That's a great idea. We did some dehydrating before we left Atherton and had
    steak, corned beef, chicken, vegetables and of course, dried Mango for our
    mid morning snacks. We found we didn't have to re-hydrate the food, just
    boiled it up on the Trangia and there it was, a great meal fit for two
    hungry touring cyclists, and the Mango was just divine as a mid morning
    snack.

    regards,

    Andrew

    http://www.geocities.com/andrewhooker59/CycleTouring.html
     
  7. "Mike" <[email protected]> wrote in message
    news:[email protected]
    > Around Australia Recumbent Style wrote:

    <SNIP>

    > Why not start a thread here? They are very popular in the Perth
    > cycle-touring assoc. (Have you been along? I dont recognise the name.)
    > I just can't see a dedicated mailing-list lasting long.


    G'day Mike.
    No, I haven't been along, in fact, I wasn't aware that there was one. I'll
    have to search them out. Thanks for the tip. Do they have a website?

    regards

    Andrew
    http://www.geocities.com/andrewhooker59/CycleTouring.html
     
  8. Mike

    Mike Guest

    Around Australia Recumbent Style wrote:
    >> ad here? They are very popular in the Perth
    >>cycle-touring assoc. (Have you been along?


    > G'day Mike.
    > No, I haven't been along, in fact, I wasn't aware that there was one. I'll
    > have to search them out. Thanks for the tip. Do they have a website?


    They do, but its a bit outdated. mailto:[email protected] and ask for
    the current program. There should be a PDF version soon.

    http://www.ctawa.asn.au

    They do rides most Sundays. Occassional meetings and pannier tours.

    Shall I book you both in to speak at the next meeting?
     
  9. "Mike" <[email protected]> wrote in message
    news:[email protected]
    > Around Australia Recumbent Style wrote:
    > >> ad here? They are very popular in the Perth
    > >>cycle-touring assoc. (Have you been along?

    >
    > > G'day Mike.
    > > No, I haven't been along, in fact, I wasn't aware that there was one.

    I'll
    > > have to search them out. Thanks for the tip. Do they have a website?

    >
    > They do, but its a bit outdated. mailto:[email protected] and ask for
    > the current program. There should be a PDF version soon.
    >
    > http://www.ctawa.asn.au
    >
    > They do rides most Sundays. Occassional meetings and pannier tours.
    >
    > Shall I book you both in to speak at the next meeting?
    >

    Thanks for the offer. I don't think we could inspire anyone, but if there is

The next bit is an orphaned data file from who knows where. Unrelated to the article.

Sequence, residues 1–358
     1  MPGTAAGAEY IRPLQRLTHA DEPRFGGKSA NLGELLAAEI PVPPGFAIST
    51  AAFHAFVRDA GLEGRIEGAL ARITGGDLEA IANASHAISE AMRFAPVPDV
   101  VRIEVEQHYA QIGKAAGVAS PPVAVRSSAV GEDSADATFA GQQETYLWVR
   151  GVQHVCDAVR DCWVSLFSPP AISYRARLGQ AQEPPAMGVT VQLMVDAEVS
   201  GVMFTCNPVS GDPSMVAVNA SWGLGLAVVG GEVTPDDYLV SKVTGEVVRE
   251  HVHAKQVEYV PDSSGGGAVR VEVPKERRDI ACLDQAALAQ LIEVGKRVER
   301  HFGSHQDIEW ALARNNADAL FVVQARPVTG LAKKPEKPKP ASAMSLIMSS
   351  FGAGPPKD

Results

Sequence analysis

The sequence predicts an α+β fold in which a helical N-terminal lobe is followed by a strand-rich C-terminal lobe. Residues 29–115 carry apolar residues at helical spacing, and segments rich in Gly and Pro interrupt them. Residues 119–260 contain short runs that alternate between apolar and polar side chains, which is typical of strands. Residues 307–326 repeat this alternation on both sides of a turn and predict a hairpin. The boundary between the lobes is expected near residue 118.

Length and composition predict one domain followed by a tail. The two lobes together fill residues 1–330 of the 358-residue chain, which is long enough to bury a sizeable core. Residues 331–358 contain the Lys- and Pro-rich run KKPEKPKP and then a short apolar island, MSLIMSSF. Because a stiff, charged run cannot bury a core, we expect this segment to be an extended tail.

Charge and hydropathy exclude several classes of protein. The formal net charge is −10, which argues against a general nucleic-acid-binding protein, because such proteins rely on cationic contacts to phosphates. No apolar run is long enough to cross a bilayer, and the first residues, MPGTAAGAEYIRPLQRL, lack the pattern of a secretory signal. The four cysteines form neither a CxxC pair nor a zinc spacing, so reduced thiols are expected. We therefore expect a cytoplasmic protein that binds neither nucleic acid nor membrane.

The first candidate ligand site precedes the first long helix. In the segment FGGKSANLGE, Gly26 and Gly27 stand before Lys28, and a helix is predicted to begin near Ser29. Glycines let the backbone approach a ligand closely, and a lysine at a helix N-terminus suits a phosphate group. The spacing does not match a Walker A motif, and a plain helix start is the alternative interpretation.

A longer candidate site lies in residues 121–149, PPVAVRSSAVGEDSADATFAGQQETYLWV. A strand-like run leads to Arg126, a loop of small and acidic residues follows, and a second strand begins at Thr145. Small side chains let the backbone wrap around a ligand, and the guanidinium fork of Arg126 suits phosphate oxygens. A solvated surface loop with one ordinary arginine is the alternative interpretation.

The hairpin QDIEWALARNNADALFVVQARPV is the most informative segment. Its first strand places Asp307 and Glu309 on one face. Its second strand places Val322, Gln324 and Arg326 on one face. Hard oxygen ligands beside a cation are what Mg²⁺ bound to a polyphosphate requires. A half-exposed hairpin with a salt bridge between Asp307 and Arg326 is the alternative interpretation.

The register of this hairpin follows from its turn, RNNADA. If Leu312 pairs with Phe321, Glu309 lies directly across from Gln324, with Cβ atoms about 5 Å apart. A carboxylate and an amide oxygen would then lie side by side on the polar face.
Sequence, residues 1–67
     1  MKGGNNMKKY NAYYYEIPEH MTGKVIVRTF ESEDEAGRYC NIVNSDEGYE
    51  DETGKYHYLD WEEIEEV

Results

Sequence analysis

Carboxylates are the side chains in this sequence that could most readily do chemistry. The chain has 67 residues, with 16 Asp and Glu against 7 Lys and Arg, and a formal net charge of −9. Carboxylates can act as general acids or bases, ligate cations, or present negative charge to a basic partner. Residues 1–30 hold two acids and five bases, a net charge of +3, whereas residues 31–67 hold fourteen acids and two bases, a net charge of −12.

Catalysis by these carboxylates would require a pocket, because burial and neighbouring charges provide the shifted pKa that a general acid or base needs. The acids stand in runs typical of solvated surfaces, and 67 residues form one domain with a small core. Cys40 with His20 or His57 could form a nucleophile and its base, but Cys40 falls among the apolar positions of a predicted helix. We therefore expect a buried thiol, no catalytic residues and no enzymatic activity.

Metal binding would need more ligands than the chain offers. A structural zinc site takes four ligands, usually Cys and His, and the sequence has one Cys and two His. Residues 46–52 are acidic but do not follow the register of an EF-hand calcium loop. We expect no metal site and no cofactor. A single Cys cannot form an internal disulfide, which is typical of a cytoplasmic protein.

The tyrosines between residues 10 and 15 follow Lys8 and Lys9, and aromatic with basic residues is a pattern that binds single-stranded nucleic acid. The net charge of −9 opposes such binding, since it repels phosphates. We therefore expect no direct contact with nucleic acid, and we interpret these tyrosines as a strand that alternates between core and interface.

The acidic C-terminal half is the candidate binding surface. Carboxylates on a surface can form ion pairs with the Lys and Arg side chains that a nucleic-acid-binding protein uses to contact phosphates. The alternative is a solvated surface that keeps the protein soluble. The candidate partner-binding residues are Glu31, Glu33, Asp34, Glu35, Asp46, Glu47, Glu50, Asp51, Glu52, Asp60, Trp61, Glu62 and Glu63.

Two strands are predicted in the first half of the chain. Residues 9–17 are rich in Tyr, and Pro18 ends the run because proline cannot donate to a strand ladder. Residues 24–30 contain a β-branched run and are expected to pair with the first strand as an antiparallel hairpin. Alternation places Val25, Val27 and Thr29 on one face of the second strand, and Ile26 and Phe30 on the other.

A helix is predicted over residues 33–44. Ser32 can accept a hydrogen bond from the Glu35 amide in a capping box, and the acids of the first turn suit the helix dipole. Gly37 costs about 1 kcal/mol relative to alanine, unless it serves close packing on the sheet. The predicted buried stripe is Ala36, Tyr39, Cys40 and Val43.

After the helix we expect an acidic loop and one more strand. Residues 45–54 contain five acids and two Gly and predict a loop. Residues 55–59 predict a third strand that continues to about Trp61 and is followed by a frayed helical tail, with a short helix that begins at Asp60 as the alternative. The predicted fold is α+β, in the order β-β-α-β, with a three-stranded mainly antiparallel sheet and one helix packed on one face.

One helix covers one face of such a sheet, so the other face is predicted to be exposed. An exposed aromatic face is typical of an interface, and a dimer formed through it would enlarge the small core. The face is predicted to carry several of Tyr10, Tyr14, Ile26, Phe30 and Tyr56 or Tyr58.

enough of an interest, we might just have a go at the questions and answers
    thing if anyone is really interested. We did a couple of "show and tell" at
    some schools on the trip and they were fun. Not sure how we'd go talking to
    experienced adult tourers.
    Let me know when & where, but no promises.

    regards

    Andrew
     
  10. kingsley

    kingsley Guest

    On Sun, 01 Aug 2004 09:31:04 +0000, Around Australia Recumbent Style
    wrote:

    >> You don't need a commercial dehydrator if you just want to experiment,
    >> you can dry the stuff in the oven. Low heat, door open.

    >
    > That's a great idea. We did some dehydrating before we left Atherton and had
    > steak, corned beef, chicken, vegetables and of course, dried Mango for our
    > mid morning snacks. We found we didn't have to re-hydrate the food, just
    > boiled it up on the Trangia and there it was, a great meal fit for two
    > hungry touring cyclists, and the Mango was just divine as a mid morning
    > snack.


    How do you do meat - cook before dehydrating or dry it raw ?

    Last major tour we basically cooked dinner most nights in the Trangia,
    even managed to re-heat a fresh Alsacation 'family-size'
    wine+pork+mushroom pie perfectly (if you're ever in Erstien[1], France
    goto the little deli' in the town and get one, they're to die for).

    We lived mainly on <something> with rice or pasta. Always carried
    a few onions and a head o' garlic. We usually bought some fresh chicken
    or pork late in the day (beef too expensive in Europe), or used tinned
    tuna. Fried up the onion & garlic & meat, took it off the heat and
    cooked the rice/pasta. Folded the former into the latter and served.
    Was frying in butter during early spring, but by June it was getting
    a bit to melted during the day to keep.

    I think if weight permitted I'd like to carry a 2nd burner, so I could
    cook both simultaneously, since most times the meat was cold when added
    to the rice.

    It can be difficult to find good burning alcohol in Europe. The the
    Netherlands, all we could get was this horrible blue[2] 75% "methodus
    spiritus" (IIRC) that left rich black soot over everything. Managed to
    find 85% alc/vol stuff in France, was yellow, heaps less soot. Didn't